Eminent economist and former RBI governor Raghuram Rajan has said cryptocurrencies are a speculative asset right now, and will remain so until there are developments, and regulations emerge.
“Right now, cryptocurrencies are speculative assets. Will it stay that way? No. There will be developments. Some central banks are thinking of introducing their own cryptocurrency, backed by full faith and credit of the government,” Rajan, a professor of finance at the University of Chicago’s Booth School of Business, said at a clubhouse interaction hosted by telecom innovator Sam Pitroda on Friday.
“It is a good technology, but I don’t think it will be a substitute for normal currency,” he said, adding that they will have a market as long as there are fans who trade them with each other.
Cryptocurrencies, Rajan said, we’re looking for an application, and people were making claims on what and how they can do things more efficiently. “But right now, we still don’t have a really effective application. No doubt something will come down the line. In the meantime, I think people are valuing cryptos as an asset, bitcoin being the foremost of these. These things are not very effective in making payments yet, certainly not the bitcoin variety.”
There are other currencies, he said, with their ability to make micropayments at a low cost, like pay every time one reads an article. These payments could be costly in dollars, but cheaper in cryptos. “Some of these may come about and may revolutionize payments, but we are not there yet,” he said, and added: “I would not close the door on cryptos.”
The former RBI governor said the notion that cryptocurrencies are more reliable than fiat currencies was a little overstretched. There is a limited supply of bitcoins, but that does not give them any value, he said, just as, he added in a lighter vein, the limited number of drawings in his possession need not bring any value.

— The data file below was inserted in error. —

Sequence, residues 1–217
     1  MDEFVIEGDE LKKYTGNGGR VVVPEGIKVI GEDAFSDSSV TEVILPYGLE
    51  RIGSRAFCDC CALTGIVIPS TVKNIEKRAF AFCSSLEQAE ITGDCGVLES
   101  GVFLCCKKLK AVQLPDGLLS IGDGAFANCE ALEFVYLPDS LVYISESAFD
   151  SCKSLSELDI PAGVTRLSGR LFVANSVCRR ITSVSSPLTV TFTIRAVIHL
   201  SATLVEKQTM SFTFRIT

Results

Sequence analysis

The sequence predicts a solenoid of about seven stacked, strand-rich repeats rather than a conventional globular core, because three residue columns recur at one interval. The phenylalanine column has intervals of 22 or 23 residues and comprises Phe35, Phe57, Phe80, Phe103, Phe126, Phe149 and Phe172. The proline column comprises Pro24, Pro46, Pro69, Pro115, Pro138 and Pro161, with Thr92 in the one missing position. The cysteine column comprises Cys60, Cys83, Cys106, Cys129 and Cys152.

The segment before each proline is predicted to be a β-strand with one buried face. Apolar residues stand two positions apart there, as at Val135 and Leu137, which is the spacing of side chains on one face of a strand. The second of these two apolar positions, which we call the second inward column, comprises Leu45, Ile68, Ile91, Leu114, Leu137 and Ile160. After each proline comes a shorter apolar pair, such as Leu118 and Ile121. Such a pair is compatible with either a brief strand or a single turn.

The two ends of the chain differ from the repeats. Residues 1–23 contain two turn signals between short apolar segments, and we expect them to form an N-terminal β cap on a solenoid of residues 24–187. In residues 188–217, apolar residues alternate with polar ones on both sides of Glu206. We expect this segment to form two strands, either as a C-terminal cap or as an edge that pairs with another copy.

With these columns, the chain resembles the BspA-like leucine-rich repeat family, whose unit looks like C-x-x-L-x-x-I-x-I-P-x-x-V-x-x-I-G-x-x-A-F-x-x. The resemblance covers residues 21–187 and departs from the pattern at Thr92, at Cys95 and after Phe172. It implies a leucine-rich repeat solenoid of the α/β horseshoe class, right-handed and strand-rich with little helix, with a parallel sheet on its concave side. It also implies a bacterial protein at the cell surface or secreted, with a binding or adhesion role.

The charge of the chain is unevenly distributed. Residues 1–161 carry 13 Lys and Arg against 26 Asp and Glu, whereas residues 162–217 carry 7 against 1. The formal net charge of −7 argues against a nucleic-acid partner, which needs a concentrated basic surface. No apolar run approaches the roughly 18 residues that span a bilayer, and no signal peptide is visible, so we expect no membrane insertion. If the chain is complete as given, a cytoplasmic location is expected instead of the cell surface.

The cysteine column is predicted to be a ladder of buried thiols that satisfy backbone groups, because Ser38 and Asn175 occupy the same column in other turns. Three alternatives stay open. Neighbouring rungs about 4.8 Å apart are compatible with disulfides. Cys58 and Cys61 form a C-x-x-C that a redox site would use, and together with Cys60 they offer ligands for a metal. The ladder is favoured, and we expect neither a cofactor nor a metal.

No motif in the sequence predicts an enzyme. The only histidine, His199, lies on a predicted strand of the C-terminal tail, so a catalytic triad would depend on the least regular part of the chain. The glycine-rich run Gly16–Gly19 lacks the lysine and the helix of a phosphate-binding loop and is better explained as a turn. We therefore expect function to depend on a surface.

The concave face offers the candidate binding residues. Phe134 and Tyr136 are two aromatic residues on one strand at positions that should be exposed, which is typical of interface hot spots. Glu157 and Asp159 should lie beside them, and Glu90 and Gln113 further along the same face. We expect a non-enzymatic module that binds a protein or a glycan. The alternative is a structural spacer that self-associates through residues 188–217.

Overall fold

The steep fluctuations in the value of bitcoins make them very unlikely as a source of payments. “We will have to wait for some stable coins. But with stable coins, the problem is we will not know what their true value is, even with some of the more prominent stable coins they are not well-regulated. We don’t know the underlying asset that backs the value of those stable coins. So yet again, it makes it harder to use them widely as a means of payment,” the former RBI governor said.
Cryptos will have a market at some point when a breakout technology emerges. “But we are not there yet,” he added.
Pitroda said cryptocurrencies can never command a mass appeal. They are, he said, energy-intensive, and a great environmental concern. No currency, he said, will have mass appeal unless and until government-backed stability comes about.
There is a lot of hype, Pitroda said and added: “I don’t think it will replace the normal rupee, dollar, or Euro. We can wait. The jury is still out.”